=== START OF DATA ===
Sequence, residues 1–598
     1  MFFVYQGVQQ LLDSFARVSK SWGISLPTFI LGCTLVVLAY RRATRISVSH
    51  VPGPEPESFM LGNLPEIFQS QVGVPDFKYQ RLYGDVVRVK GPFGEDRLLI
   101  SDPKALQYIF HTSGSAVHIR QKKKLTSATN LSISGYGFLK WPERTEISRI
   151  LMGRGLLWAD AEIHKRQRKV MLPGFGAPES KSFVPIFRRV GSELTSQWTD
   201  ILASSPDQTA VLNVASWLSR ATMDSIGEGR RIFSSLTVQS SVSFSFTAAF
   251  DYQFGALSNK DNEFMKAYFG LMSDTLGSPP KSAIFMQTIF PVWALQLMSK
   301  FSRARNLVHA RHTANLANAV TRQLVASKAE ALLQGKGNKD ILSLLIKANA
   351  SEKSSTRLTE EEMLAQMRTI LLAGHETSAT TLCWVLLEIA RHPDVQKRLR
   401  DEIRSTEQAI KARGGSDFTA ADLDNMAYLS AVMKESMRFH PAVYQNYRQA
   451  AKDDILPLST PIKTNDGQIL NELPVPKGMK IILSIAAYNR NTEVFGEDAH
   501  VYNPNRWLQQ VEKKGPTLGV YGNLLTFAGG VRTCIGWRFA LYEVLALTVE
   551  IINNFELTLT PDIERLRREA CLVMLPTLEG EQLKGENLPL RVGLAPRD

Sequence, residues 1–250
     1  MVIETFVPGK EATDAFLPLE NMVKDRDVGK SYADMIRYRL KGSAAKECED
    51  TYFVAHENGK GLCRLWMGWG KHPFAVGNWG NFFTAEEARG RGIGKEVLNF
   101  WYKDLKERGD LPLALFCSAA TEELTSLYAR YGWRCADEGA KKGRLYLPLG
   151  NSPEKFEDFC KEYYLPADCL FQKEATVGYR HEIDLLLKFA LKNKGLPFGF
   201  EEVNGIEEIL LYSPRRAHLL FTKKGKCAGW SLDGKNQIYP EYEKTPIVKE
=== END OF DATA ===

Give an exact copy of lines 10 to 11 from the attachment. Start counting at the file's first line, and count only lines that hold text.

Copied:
   401  DEIRSTEQAI KARGGSDFTA ADLDNMAYLS AVMKESMRFH PAVYQNYRQA
   451  AKDDILPLST PIKTNDGQIL NELPVPKGMK IILSIAAYNR NTEVFGEDAH